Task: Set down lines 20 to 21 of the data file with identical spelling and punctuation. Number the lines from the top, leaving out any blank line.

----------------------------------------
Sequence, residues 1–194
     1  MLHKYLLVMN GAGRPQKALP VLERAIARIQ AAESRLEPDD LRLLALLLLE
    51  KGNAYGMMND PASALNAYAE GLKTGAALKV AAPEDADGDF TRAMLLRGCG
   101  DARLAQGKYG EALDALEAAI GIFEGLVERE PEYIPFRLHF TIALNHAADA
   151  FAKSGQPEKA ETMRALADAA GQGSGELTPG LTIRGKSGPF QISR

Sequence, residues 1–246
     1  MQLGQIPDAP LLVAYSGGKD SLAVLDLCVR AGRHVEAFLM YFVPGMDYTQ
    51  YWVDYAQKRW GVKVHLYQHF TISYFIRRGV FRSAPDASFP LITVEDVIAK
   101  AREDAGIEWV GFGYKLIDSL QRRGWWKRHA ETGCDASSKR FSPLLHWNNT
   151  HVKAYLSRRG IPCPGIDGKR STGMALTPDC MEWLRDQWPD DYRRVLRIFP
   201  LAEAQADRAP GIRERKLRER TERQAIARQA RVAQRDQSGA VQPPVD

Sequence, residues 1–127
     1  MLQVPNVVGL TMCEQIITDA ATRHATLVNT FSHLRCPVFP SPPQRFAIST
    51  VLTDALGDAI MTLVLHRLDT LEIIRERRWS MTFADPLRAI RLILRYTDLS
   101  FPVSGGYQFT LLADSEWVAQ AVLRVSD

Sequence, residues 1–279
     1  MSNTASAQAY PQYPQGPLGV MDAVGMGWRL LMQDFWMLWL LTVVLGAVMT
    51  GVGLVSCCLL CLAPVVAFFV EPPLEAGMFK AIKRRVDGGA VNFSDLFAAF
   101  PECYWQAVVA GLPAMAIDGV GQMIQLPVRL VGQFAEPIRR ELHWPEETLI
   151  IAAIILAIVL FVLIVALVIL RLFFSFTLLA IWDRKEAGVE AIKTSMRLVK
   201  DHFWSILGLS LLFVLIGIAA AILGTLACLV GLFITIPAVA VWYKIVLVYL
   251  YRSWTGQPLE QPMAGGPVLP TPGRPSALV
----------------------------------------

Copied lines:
   151  IAAIILAIVL FVLIVALVIL RLFFSFTLLA IWDRKEAGVE AIKTSMRLVK
   201  DHFWSILGLS LLFVLIGIAA AILGTLACLV GLFITIPAVA VWYKIVLVYL